Atrial fibrillation, often called AFib or AF, is the most common type of treated heart arrhythmia. Atrial fibrillation image of kewl black man The condition contributes to about 158,000 deaths each year. The death rate from AFib as the primary or a contributing cause of death has been rising for more than two decades.

Photo by Ono Kosuki from Pexels

This is "The Year of Clinical Trial Diversity"!

National Black Church Initiative has been working to develop new resources to help promote diversity in clinical trials. Shirley story cover We have five new public service announcements, a blog, and an infographic to encourage minorities to join clinical trials. The videos feature Shirley Miller, who is living with sickle cell disease, or Dr. Luciana Borio, Acting Chief Scientist at FDA. They share their views on why diversity in clinical trials matter and encourage patients to learn more.

Colon Cancer – A Preventable Tragedy A National Faith – Based Strategy

Chadwick Boseman by Ryan Meinerding

The U.S. Census Bureau estimates there are nearly 42 million African Americans, comprising about 13 percent of the total US population. The U.S. Cancer Statistics Working Group estimates that approximately 18,000 African American men and women were diagnosed with colorectal cancer in 2013, and in just that same year, 6,850 of them died from it.

Connecting African American Communities to Free Multiple Myeloma Information, Expert Care, and Support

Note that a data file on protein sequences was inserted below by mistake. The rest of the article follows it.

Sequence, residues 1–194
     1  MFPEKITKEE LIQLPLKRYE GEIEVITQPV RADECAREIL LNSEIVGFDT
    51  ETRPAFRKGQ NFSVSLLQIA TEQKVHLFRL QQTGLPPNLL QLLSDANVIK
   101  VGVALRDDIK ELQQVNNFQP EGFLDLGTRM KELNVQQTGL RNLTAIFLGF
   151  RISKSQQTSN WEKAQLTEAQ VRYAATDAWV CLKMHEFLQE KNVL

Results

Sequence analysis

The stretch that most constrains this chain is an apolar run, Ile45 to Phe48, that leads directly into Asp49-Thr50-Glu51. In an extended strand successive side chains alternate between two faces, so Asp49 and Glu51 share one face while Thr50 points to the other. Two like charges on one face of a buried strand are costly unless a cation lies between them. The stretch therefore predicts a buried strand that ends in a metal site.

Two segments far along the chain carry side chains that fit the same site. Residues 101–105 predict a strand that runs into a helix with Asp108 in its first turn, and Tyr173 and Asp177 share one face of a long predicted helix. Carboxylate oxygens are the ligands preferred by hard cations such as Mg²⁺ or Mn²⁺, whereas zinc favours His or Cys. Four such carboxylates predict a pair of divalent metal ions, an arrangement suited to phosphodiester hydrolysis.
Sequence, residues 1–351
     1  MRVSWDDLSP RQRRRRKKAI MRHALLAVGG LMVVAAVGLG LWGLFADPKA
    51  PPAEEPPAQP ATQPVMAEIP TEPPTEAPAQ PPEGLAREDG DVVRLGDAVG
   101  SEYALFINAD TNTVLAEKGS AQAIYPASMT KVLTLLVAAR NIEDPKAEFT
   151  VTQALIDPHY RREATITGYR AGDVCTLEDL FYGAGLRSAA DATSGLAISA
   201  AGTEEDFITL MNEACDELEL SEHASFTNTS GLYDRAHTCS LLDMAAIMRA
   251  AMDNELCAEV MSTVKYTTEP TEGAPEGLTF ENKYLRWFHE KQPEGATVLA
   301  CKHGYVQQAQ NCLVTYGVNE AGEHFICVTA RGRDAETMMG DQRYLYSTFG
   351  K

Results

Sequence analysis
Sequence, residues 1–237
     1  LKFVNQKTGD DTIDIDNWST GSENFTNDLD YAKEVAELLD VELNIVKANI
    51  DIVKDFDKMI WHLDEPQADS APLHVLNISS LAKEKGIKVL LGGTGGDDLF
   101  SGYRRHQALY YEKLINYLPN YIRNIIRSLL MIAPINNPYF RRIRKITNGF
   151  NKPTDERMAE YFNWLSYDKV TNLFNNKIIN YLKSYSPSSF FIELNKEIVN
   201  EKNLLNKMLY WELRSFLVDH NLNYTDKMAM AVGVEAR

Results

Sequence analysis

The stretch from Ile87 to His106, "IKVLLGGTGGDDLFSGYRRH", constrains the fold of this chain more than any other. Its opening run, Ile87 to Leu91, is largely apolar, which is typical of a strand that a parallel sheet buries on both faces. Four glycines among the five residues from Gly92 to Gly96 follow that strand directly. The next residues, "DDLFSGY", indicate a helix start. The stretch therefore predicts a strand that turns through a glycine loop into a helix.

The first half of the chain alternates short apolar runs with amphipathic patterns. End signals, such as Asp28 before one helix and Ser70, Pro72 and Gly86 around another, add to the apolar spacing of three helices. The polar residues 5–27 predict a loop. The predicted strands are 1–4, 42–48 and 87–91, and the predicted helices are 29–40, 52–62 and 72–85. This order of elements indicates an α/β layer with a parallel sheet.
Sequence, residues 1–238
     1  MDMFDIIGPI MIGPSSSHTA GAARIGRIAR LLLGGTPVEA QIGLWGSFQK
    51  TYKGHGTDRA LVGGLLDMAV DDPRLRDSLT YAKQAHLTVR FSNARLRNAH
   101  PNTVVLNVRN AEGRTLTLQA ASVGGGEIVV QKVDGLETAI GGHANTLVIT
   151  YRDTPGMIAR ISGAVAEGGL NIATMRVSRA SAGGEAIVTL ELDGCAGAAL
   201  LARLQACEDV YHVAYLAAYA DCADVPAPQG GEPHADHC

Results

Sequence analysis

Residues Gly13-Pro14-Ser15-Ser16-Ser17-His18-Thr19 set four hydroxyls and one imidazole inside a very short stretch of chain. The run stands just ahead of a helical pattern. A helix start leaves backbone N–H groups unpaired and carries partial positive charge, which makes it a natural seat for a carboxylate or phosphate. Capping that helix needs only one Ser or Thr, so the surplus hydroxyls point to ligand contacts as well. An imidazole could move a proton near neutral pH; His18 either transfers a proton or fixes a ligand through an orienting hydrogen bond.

The purpose of the Myeloma Link Pilot Program was to implement a church-based initiative in black communities, particularly low-income communities, in an effort to: 1) heighten awareness of myeloma; 2) increase knowledge about the disease and treatment; 3) provide information and resources that will empower patients to seek novel treatments and enroll in clinical trials in a timely manner, and 4) encourage patients and caregivers to use a new, sustainable support infrastructure.

NBCI Corporate Capability Statement

NBCI has the capability of reaching African American and Latino target populations with health literature and information anywhere in the United States where there are black churches.NBCI Corporate Capability Statement

Health Emergency Declaration (HED) Kick-off

Rev Evans holding NBCI health note

The press conference was held March 28, 2010 at the Israel Baptist Church, Baltimore, MD, kicking off a seven year commitment to healthier lifestyles for all African Americans through education, pre-screening, improved diet, physical exercise, and clinical trials

Baltimore represents the first HED health community, one of 35 such communities across the country.

Sickle Cell Literature Church Distribution

Rev Evans and usher holding Generation S material

The National Black Church Initiative has provided literature on Sickle Cell Anemia to churches. Continue to view images of this activity

Policy Resources
Initiative Page

The church must work with health experts to come up with plans to stop AIDS in all segments of the African American community.
Visit the NBCI Autism
Awareness Page

Our Health Emergency Declaration in recognition of the significance of Autism Spectrum Disorders in the African American Community.
The Health Benefits of Fruits and Vegetables: A Scientific Overview Research behind eating more fruits and vegetables
The Black Church and the Importance of Good Nutrition
What the Black church needs to say to congregations about good nutrition.